Vouchers remain out of reach for now
By Eric Boehm | PA Independent
HARRISBURG — School choice is advancing in Pennsylvania, even as a public school voucher plan remains stuck in legislative limbo.
As the New Year dawns over the state Capitol, lawmakers and lobbyists are geared up for another fight over the creation of a public school voucher program aimed at providing educational options for the children of low-income families who are enrolled in failing public schools.
For advocates of school choice initiatives, vouchers are the brass ring that remains out of reach — a hope that was rekindled last year when Republicans took control of all three branches of the legislative process.
“It’s one step at a time. Pennsylvania is not a state where big things get done quickly and we know that,” said Ana Puig
, head of the Bucks County
-based Kitchen Table Patriots
, a tea party group, and a lobbyist for school choice advocacy group Freedom Works
But while vouchers get most of the ink — as they have since they were first proposed by Gov. Tom Ridge in 1996 — the educational options available to Pennsylvania families today has expanded dramatically in 20 years.
Pennsylvania boasts a robust charter school system that includes cyber charter schools; the Education Improvement Tax Credit, or EITC, which provides an average scholarship of $1,000 to low-income families who want their children to attend private schools; and rules that allow parents to teach their students at home.
The key is to improve education options, said Ken Kilpatrick, spokesman for the Pennsylvania Coalition of Public Charter Schools, which represents charter schools in the state.
“It's families making a choice about what school will give my child the best educational future," Kilpatrick said. “Competition is forcing districts to think about how they can improve.”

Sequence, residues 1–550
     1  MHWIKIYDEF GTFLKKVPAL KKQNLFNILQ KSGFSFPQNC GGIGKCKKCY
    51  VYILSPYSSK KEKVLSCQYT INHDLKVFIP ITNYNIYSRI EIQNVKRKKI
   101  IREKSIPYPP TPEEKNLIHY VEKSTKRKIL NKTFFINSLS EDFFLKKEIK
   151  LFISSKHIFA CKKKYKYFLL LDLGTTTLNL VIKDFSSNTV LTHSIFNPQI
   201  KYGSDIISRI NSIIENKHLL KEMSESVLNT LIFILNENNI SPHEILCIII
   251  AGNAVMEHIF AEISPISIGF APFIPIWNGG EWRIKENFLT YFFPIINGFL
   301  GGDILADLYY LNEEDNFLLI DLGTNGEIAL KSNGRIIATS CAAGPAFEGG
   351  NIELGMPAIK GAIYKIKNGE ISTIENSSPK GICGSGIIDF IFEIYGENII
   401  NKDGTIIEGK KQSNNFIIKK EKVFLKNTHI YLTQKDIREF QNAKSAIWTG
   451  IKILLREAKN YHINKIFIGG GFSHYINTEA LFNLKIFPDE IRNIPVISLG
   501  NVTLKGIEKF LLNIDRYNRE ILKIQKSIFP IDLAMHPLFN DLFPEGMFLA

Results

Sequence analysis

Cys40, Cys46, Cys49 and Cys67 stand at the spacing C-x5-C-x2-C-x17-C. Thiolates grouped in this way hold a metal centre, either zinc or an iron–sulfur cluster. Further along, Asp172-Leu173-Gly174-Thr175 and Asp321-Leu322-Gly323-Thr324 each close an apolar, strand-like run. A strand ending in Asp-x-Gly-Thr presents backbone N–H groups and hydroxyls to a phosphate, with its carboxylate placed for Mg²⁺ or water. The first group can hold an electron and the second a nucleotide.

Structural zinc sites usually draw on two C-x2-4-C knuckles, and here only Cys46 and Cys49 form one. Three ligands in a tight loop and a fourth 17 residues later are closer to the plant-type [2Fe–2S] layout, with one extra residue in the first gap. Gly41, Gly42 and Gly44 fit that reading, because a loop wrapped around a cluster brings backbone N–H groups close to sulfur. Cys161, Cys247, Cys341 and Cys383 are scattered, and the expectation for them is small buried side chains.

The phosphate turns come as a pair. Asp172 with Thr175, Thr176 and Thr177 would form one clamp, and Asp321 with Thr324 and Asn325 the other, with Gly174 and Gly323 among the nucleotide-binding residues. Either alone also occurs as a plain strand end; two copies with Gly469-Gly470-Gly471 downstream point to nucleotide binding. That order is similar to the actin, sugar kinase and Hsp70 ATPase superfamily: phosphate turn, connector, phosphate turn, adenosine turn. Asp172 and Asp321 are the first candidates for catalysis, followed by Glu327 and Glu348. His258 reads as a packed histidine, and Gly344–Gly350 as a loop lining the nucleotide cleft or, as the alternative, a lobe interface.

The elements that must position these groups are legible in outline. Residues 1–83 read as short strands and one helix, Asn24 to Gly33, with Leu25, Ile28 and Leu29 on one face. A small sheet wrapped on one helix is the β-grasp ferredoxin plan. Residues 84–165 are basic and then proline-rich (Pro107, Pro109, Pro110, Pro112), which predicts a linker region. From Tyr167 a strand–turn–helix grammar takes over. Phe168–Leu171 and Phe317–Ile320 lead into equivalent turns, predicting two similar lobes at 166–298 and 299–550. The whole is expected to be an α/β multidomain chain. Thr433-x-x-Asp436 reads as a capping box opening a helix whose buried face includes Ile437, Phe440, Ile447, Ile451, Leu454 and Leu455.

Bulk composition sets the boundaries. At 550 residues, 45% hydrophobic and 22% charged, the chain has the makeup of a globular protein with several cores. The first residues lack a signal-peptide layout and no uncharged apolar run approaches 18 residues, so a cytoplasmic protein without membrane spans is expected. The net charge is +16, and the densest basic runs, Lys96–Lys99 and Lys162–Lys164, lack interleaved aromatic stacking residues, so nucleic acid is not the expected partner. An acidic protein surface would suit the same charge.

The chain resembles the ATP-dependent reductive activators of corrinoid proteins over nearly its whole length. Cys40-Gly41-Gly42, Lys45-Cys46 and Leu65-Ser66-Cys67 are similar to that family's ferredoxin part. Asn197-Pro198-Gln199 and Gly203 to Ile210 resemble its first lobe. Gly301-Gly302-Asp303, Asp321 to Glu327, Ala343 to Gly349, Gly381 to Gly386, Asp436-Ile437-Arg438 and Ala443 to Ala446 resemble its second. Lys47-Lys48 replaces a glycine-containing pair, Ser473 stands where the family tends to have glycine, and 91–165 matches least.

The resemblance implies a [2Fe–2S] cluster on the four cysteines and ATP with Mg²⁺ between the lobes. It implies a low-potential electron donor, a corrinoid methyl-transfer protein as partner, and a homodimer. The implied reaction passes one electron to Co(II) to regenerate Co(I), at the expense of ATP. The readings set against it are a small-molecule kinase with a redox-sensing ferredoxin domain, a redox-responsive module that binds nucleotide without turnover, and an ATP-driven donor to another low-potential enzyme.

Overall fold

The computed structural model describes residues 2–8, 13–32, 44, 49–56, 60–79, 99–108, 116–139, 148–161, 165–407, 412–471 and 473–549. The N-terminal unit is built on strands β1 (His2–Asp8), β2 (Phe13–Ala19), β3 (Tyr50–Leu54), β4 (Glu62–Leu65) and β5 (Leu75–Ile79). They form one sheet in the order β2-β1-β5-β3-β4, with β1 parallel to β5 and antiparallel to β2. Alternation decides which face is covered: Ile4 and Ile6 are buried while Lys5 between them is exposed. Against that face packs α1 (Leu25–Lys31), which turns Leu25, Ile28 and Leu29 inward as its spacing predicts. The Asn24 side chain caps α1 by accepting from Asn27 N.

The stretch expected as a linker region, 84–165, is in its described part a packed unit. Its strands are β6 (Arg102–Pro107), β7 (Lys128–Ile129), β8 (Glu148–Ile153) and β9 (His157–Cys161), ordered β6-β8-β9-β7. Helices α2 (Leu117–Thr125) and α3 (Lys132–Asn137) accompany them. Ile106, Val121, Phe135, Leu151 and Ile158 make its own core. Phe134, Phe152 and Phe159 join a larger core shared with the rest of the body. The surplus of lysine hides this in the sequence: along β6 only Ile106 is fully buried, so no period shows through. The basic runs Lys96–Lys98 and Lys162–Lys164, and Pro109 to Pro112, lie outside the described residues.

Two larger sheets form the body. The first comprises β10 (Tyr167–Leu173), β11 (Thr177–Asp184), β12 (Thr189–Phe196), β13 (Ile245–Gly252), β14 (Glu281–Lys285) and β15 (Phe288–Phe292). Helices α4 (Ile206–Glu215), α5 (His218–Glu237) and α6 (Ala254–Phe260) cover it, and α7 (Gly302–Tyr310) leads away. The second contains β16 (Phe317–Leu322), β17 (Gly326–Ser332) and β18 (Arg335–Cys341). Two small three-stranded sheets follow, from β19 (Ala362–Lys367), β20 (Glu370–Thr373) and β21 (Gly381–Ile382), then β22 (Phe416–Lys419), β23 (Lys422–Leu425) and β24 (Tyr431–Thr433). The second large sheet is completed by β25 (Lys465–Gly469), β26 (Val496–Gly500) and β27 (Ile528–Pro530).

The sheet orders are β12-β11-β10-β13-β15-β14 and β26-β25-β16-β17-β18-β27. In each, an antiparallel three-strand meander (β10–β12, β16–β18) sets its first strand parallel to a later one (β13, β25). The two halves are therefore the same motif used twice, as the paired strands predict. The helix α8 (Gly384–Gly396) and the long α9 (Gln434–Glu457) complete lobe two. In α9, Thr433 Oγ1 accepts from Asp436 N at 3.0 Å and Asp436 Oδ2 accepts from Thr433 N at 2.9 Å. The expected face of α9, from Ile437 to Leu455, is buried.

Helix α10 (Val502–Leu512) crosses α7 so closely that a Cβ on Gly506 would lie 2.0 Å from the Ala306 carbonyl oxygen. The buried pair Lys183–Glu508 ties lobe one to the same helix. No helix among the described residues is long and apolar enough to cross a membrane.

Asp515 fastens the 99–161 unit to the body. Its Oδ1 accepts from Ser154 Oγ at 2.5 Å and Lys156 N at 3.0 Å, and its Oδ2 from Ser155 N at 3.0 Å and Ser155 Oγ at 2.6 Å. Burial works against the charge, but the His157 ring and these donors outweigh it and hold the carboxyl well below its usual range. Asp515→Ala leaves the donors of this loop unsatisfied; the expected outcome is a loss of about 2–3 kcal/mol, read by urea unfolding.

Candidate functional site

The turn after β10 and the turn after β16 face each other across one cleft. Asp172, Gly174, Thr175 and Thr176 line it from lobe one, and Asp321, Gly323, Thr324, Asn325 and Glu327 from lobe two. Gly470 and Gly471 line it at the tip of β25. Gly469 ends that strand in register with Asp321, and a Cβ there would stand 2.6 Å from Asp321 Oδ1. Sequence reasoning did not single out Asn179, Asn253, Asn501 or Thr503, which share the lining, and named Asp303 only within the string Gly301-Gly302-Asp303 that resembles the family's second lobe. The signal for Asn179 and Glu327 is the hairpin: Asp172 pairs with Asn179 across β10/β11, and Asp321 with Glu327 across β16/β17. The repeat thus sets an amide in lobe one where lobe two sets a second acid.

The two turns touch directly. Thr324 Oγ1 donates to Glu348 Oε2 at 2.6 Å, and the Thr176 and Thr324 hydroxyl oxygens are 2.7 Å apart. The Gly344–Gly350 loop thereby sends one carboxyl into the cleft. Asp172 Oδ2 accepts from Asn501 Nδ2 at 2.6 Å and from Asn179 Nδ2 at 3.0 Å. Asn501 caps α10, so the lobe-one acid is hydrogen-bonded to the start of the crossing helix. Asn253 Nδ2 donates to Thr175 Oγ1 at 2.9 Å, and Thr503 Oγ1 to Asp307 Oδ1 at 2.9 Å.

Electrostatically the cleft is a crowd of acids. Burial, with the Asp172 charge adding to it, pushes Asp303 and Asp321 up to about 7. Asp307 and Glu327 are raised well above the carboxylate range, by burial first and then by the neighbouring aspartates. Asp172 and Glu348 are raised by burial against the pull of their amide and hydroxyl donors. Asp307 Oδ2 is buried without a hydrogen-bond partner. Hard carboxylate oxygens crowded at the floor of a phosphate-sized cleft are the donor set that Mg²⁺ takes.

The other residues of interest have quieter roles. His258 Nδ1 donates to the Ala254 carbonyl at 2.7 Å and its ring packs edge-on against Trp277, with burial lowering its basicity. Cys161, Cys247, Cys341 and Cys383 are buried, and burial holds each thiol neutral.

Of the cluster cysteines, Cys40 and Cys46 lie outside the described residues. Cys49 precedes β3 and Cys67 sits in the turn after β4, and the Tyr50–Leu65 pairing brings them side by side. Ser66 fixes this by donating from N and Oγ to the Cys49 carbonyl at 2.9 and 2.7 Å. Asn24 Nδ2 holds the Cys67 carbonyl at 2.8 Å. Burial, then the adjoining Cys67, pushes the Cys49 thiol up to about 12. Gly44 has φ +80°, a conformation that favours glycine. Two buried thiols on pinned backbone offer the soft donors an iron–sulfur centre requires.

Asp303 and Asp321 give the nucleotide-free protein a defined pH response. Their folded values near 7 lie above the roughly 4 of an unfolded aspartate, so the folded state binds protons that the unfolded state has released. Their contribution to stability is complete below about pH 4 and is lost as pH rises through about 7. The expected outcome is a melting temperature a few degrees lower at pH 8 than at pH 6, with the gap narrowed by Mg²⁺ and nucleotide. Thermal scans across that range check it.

The numbers speak for themselves.
This year, more than 90,000 students are enrolled in charter or cyber charter schools, and an additional 38,000 students take advantage of the EITC to defray the cost of a private education. Another 20,000 students are being home schooled this year.
The Pennsylvania State Education Association, or PSEA, the state’s largest teachers union, has led the opposition to vouchers — as they led the opposition to charter schools 15 years ago.
After the state Senate voted 27-22 to approve the voucher bill in October, PSEA President Michael Crossey explained that the union opposes vouchers because they drain resources from public schools.
“Public schools educate every student who comes through their doors and are accountable for everything they do and every nickel they spend,” Crossey said. “This voucher bill spends the taxpayers’ money on schools and programs that don’t live by those rules. It is a terrible choice that couldn’t come at a worse time."
One thing is certain: the debate over school choice in Pennsylvania is more visible now than ever before, thanks in part of the successes of charter schools and the EITC.
But it has also become more complicated.
In 1997 — when vouchers failed but paved the way for the creation of charter schools and the EITC — the debate was about providing greater educational choices for families and students.
Now, the arguments have become less focused.
For some, school choice is still grounded in the idea that competition drives innovation and growth.
For others, it is necessary to rein in education spending that has ballooned to $26 billion annually in Pennsylvania while student performance has flat lined.